If you’ve ever had tooth nerve pain, you now know how the saying “strike a raw nerve” came to be. It’s because when a tooth’s nerve gets exposed, the resulting sensitivity, discomfort, and pain can be significant for many and overwhelming for some. It can take the pleasure out of enjoying certain foods and beverages and ultimately be a sign of a deeper oral health issue. If any of this sounds familiar and you find eating to be a nerve-wracking experience — consult your dentist so they can find the cause and treatment of your nerve pain.
How Tooth Nerve Pain Occurs
You must first gain a basic understanding of your tooth and its condition in order to comprehend how your dental nerve pain develops. Your teeth are covered with enamel and cementum above and below the gum line, respectively. Both of them are in charge of guarding your dentin.
This area is made up of a soft, yellowish mineral that is packed with tubules that connect to the inner nerve pulp. When dentin is exposed, the nerve may be stimulated, resulting in annoyance and discomfort. This pain can be caused by:
- meals and drinks in extreme temperatures
- food and drinks that are sweet and acidic
The nerves in the teeth are located in the pulp—the bundle of nerves at blood vessels at the centre of the tooth. Nerve pain in teeth falls into two categories:
- Pulpal Sensitivity: If your nerve discomfort is isolated to a single tooth, the pulp of that tooth is probably the target of the issue. A cracked, chipped, or fractured tooth, dental decay or infection, a recent filling, pressure from clenching or grinding your teeth, and tooth decay or infection are all potential causes of nerve pain in teeth that damage the pulp.
- Dentinal Sensitivity: Dental nerve pain that is more pervasive is referred to as dentinal sensitivity. When the dental enamel is harmed or eroded, the nerve endings in the dentin layer of the tooth are exposed to external stimuli such as heat, cold, and acid. Utilising teeth-whitening treatments, receding gums, and untreated cavities are some of the causes of dentinal discomfort. In addition, teeth nerve discomfort might be brought on by recent gum surgery that exposed the tooth roots and too-vigorous tooth cleaning.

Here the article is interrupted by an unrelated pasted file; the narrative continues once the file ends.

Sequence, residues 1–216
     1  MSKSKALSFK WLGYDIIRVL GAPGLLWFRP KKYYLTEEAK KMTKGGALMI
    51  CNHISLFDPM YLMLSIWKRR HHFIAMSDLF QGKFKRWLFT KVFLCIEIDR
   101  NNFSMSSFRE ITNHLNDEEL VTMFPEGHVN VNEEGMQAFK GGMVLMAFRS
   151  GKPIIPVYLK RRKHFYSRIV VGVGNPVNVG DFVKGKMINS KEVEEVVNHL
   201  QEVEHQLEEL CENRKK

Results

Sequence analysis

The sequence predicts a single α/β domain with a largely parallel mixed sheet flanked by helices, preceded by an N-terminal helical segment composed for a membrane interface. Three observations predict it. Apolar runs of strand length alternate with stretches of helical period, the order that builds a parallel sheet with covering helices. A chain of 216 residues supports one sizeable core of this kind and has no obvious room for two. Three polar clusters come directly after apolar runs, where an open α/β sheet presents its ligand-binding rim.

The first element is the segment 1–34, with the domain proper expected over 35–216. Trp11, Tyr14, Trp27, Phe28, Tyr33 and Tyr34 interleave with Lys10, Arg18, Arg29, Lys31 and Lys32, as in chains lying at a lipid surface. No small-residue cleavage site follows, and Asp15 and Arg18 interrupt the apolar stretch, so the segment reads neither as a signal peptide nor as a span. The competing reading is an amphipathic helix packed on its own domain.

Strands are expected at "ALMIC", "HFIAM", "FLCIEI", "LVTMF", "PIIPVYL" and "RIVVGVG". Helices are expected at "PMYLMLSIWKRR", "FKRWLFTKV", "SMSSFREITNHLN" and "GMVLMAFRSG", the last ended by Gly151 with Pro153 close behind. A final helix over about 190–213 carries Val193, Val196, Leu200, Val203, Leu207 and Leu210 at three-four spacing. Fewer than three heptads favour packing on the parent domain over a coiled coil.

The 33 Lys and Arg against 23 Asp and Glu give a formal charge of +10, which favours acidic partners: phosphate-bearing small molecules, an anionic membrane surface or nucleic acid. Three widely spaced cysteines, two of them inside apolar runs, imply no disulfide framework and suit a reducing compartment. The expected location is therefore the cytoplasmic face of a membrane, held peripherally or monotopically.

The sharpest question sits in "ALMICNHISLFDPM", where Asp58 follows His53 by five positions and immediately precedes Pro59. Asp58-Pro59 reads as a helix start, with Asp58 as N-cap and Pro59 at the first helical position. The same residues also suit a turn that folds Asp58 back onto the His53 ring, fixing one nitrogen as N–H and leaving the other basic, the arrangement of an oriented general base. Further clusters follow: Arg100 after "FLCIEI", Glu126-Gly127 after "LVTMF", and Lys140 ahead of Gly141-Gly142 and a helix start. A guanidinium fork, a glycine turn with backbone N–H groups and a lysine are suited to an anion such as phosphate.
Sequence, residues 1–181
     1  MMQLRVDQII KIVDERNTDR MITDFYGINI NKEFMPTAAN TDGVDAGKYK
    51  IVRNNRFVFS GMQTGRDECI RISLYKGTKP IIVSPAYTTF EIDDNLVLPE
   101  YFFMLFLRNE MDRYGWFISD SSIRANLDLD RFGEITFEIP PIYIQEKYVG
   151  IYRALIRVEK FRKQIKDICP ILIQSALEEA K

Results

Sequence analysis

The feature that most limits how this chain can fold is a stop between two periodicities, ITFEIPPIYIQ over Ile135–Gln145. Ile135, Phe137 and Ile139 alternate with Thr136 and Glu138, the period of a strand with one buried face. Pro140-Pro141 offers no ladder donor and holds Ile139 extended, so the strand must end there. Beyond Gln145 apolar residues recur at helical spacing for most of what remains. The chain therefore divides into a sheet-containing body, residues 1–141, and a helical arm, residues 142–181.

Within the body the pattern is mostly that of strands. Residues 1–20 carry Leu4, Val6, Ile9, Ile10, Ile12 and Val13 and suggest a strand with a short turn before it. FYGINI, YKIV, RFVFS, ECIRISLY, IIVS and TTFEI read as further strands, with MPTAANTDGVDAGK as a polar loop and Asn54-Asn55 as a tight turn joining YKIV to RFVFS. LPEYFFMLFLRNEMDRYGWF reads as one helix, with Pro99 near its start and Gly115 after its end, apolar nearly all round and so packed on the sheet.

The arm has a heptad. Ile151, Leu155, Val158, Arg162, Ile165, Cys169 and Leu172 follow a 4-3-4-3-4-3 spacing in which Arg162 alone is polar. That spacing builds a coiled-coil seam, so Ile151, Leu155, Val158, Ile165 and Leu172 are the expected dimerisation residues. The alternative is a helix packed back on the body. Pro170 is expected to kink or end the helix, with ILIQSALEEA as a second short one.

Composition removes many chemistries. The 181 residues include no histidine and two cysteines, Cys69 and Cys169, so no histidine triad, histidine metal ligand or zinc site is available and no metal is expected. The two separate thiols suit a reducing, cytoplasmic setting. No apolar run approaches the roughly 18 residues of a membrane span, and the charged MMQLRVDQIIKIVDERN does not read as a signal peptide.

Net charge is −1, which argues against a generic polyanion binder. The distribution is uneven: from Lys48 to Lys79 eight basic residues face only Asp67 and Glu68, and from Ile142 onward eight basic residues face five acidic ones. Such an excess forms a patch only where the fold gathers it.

How Tooth Sensitivity Occurs
Tooth sensitivity can result from a number of situations. The Australian Dental Association lists them as follows:
- Dental decay (cavities)
- Broken teeth
- Damaged fillings
- Gum illness
- Tooth enamel wear
- Tooth root exposed
Similar to dental nerve pain, tooth sensitivity can also be brought on by exposure to particular foods and beverages. However, exposure further into the dental nerve causes nerve discomfort. Sensitivity, on the other hand, is a result of the nerve on the tooth’s surface.
Which Foods You Should Avoid
You can calm an irritated tooth nerve by avoiding those foods and drinks that caused the irritation, as stated above. Those include:
- Hot beverages (coffees and teas)
- Cold beverages (soda causes sensitivity and erodes enamel)
- Hot foods (allow them to cool)
- Cold foods (no ice cream or other freezer items)
- Acidic foods (pickles, tomatoes, citrus fruits) and beverages
- Sugary foods (cookies, candy, pastries) and beverages
How to Treat Tooth Nerve Pain
There are a few things to do to treat your nerve pain effectively. The most important tactic — see your dentist. They can give you an oral exam and determine where and how your pain occurs.
Depending on the cause of your tooth nerve pain, several possible dental procedures can solve the problem. The two most common procedures for tooth nerve pain are fillings and root canals.
- Fillings: If you have tooth nerve pain caused by a simple cavity, a filling is the most common dental repair. When you have a tooth filled, the dentist numbs the area, removes the decayed material, and replaces it with a filling.
- Root Canals: A root canal is performed if tooth nerve pain is due to a tooth that is severely infected or decayed. During a root canal, a dentist removes the damaged nerve and the pulp inside the tooth, cleans the area, and seals it. The nerves inside teeth are not essential for healthy tooth function, and a root canal will cure some types of tooth nerve pain.
They’ll also recommend you to:
- Properly brush your teeth, being sure not to erode your enamel
- Use a soft-bristled brush
- Use toothpaste for sensitive teeth
Don’t be nervous when your favourite foods make their way onto your plate. While food and drink give us nourishment, they also provide enjoyment. So be sure to see your dentist, stay up to date on your oral hygiene, and avoid those foods and drinks that cause nerve pain. If you can do that — you got nerves of steel.